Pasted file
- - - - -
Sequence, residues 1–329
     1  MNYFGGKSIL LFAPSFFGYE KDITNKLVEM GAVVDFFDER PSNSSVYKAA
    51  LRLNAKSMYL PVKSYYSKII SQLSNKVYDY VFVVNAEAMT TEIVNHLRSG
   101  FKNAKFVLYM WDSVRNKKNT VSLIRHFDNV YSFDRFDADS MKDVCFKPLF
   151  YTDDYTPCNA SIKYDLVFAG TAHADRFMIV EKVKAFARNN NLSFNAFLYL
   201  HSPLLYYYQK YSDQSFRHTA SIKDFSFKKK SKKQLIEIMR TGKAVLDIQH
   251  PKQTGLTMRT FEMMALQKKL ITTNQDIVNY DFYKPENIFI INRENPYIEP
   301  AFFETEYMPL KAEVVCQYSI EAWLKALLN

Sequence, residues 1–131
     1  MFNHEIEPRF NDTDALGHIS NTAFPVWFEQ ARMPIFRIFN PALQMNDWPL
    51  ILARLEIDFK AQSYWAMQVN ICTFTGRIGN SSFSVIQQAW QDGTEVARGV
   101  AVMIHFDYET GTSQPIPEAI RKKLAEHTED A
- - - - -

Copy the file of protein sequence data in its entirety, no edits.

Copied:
Sequence, residues 1–329
     1  MNYFGGKSIL LFAPSFFGYE KDITNKLVEM GAVVDFFDER PSNSSVYKAA
    51  LRLNAKSMYL PVKSYYSKII SQLSNKVYDY VFVVNAEAMT TEIVNHLRSG
   101  FKNAKFVLYM WDSVRNKKNT VSLIRHFDNV YSFDRFDADS MKDVCFKPLF
   151  YTDDYTPCNA SIKYDLVFAG TAHADRFMIV EKVKAFARNN NLSFNAFLYL
   201  HSPLLYYYQK YSDQSFRHTA SIKDFSFKKK SKKQLIEIMR TGKAVLDIQH
   251  PKQTGLTMRT FEMMALQKKL ITTNQDIVNY DFYKPENIFI INRENPYIEP
   301  AFFETEYMPL KAEVVCQYSI EAWLKALLN

Sequence, residues 1–131
     1  MFNHEIEPRF NDTDALGHIS NTAFPVWFEQ ARMPIFRIFN PALQMNDWPL
    51  ILARLEIDFK AQSYWAMQVN ICTFTGRIGN SSFSVIQQAW QDGTEVARGV
   101  AVMIHFDYET GTSQPIPEAI RKKLAEHTED A